Kid’s apparel and accessories retailer The Children’s Place (NASDAQ:PLCE) beat analysts' expectations in Q3 FY2023, with revenue down 5.7% year on year to $480.2 million. On top of that, next quarter's revenue guidance ($462.5 million at the midpoint) was surprisingly good and 6.3% above what analysts were expecting. Turning to EPS, Children's Place made a non-GAAP profit of $3.22 per share, down from its profit of $3.33 per share in the same quarter last year.
Children's Place (PLCE) Q3 FY2023 Highlights:
- Revenue: $480.2 million vs analyst estimates of $464.6 million (3.4% beat)
- EPS (non-GAAP): $3.22 vs analyst expectations of $3.51 (8.3% miss)
- Revenue Guidance for Q4 2023 is $462.5 million at the midpoint, above analyst estimates of $435.2 million
- EPS (non-GAAP) Guidance for Q4 2023 is $0.35 at the midpoint, below analyst estimates of $1.30
- Gross Margin (GAAP): 33.7%, down from 34.8% in the same quarter last year
- Same-Store Sales were down 7.3% year on year (miss vs. expectations of down 5.9% year on year)
- Store Locations: 591 at quarter end, decreasing by 67 over the last 12 months
Offering sizes up to young teens, The Children’s Place (NASDAQ:PLCE) is a specialty retailer that sells its own brands of kid’s apparel and accessories.
These private label brands include The Children's Place, Place Baby, and Gymboree and span tops, bottoms, dresses, outerwear, and shoes. While there is product for kids up to 12-13 years old, the company mainly serves toddlers and kids under 10. The Children’s Place sits in the middle of the pricing spectrum, generally pricier (but also higher quality) than fast-fashion or discount retailers but less expensive than designer brands.
The company’s core customer consists of parents who prioritize quality clothing and a certain level of stylishness. The Children’s Place is also a reliable option for grandparents, other family members, or friends who are shopping for a kid’s gift. On average, stores are pretty small and range from 4,000 to 5,000 square feet. They are often located in suburban malls or shopping centers alongside other mass market retailers.
The Children’s Place supplements its physical store footprint with an e-commerce presence. There are online-exclusive promotions and discounts and a plethora of sizing guides and resources, as the company recognizes that the buyer of the clothing is almost never the final wearer.
Apparel sales are not driven so much by personal needs but by seasons, trends, and innovation, and over the last few decades, the category has shifted meaningfully online. Retailers that once only had brick-and-mortar stores are responding with omnichannel presences. The online shopping experience continues to improve and retail foot traffic in places like shopping malls continues to stall, so the evolution of clothing sellers marches on.Competitors that sell children’s clothing include Carter’s (NYSE:CRI), The Gap (NYSE:GPS), and department stores such as Macy’s (NYSE:M) and Kohl’s (NYSE:KSS).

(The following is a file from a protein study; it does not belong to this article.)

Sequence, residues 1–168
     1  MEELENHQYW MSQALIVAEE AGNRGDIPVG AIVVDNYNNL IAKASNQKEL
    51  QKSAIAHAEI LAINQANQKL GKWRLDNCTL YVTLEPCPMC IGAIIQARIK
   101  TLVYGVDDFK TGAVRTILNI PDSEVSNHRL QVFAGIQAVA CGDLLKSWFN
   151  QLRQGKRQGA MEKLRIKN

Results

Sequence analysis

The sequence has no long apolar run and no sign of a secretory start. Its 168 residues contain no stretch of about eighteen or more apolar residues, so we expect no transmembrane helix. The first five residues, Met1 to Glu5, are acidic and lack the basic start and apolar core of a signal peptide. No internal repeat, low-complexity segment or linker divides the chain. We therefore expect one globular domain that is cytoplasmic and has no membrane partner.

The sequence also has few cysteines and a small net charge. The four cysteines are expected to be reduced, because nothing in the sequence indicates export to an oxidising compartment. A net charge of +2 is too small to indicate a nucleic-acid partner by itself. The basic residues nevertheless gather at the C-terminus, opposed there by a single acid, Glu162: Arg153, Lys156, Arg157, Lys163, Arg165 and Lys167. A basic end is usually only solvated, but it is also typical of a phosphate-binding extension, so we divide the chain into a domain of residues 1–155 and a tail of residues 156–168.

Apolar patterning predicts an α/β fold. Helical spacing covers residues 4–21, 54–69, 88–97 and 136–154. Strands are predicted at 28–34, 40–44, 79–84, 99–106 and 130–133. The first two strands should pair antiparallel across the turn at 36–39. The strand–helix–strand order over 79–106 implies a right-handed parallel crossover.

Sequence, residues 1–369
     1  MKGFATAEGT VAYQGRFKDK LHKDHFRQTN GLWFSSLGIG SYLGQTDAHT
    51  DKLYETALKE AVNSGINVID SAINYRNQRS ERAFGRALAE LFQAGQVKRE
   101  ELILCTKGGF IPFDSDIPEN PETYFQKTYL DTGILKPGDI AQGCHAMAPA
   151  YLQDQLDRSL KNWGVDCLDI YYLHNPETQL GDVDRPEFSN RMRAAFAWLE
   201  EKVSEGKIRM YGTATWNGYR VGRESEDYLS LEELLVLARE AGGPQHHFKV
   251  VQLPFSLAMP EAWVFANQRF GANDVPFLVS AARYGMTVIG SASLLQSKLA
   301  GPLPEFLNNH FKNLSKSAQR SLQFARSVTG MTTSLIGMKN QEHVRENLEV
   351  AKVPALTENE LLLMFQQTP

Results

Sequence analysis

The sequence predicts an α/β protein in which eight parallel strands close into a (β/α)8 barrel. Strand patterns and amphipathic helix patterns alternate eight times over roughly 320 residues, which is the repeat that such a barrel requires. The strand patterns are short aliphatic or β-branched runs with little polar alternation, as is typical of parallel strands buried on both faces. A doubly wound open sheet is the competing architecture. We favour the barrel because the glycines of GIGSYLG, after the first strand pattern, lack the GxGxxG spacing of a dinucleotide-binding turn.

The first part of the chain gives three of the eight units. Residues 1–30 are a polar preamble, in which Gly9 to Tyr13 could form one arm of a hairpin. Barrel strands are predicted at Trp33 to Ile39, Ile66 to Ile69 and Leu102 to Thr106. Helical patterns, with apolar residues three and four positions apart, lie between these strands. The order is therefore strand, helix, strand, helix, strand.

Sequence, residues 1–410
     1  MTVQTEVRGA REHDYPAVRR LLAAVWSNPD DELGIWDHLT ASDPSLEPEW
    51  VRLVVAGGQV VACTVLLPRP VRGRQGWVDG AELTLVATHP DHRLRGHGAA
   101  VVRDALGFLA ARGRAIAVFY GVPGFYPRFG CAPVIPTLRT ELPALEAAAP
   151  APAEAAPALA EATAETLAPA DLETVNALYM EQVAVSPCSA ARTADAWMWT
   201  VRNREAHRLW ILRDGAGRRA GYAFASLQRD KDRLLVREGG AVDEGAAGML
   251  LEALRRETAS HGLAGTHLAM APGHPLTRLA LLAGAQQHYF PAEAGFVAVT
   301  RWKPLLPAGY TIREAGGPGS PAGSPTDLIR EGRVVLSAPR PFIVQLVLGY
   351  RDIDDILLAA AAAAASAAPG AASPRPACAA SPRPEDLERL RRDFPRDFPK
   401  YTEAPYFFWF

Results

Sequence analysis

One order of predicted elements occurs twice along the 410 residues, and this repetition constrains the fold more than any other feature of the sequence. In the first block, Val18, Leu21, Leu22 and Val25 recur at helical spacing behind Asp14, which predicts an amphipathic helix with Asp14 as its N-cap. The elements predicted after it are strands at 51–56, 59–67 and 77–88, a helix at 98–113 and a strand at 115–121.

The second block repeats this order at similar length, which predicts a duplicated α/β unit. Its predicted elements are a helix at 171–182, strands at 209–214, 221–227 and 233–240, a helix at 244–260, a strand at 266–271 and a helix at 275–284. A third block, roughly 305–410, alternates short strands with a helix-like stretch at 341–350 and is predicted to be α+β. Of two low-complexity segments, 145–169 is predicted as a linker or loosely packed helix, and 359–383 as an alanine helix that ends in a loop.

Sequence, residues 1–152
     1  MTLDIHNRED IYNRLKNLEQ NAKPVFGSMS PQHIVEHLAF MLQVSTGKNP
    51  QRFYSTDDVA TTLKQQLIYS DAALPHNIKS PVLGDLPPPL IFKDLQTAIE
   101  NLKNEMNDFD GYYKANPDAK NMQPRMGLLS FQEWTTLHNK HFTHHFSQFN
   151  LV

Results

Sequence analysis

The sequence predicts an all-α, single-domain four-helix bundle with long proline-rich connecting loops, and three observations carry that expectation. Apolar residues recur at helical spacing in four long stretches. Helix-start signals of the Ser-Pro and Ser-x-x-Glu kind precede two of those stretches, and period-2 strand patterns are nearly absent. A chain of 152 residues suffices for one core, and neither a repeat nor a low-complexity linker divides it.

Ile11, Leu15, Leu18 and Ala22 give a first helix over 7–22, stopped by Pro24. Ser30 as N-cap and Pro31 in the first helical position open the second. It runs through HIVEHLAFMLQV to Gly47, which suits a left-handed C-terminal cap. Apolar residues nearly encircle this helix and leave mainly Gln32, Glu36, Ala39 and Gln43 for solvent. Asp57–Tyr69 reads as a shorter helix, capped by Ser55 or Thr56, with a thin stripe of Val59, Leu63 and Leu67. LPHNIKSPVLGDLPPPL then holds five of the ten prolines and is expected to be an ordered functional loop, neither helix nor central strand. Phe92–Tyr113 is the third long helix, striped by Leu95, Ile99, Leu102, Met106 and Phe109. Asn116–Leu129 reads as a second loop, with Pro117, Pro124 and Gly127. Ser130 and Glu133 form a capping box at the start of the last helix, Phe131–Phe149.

Children's Place is a small retailer, which sometimes brings disadvantages compared to larger competitors that benefit from economies of scale.
As you can see below, the company's revenue has declined over the last four years, dropping 4% annually as its store count and sales at existing, established stores have both shrunk.
This quarter, Children's Place's revenue fell 5.7% year on year to $480.2 million but beat Wall Street's estimates by 3.4%. The company is guiding for revenue to rise 1.4% year on year to $462.5 million next quarter, improving from the 10.2% year-on-year decrease it recorded in the same quarter last year. Looking ahead, analysts expect revenue to decline 4.4% over the next 12 months.
Number of Stores
A retailer's store count is a crucial factor influencing how much it can sell, and store growth is a critical driver of how quickly its sales can grow.
When a retailer like Children's Place is shuttering stores, it usually means that brick-and-mortar demand is less than supply, and the company is responding by closing underperforming locations and possibly shifting sales online. Children's Place's store count shrank by 67 locations, or 10.2%, over the last 12 months to 591 total retail locations in the most recently reported quarter.
Taking a step back, the company has generally closed its stores over the last two years, averaging a 8.8% annual decline in its physical footprint. A smaller store base means that the company must rely on higher foot traffic and sales per customer at its remaining stores as well as e-commerce sales to fuel revenue growth.
Same-store sales growth is an important metric that tracks demand for a retailer's established brick-and-mortar stores and e-commerce platform.
Children's Place's demand has been shrinking over the last eight quarters, and on average, its same-store sales have declined by 7.5% year on year. The company has been reducing its store count as fewer locations sometimes lead to higher same-store sales, but that hasn't been the case here.
In the latest quarter, Children's Place's same-store sales fell 7.3% year on year. This decrease was a further deceleration from the 10% year-on-year decline it posted 12 months ago. We hope the business can get back on track.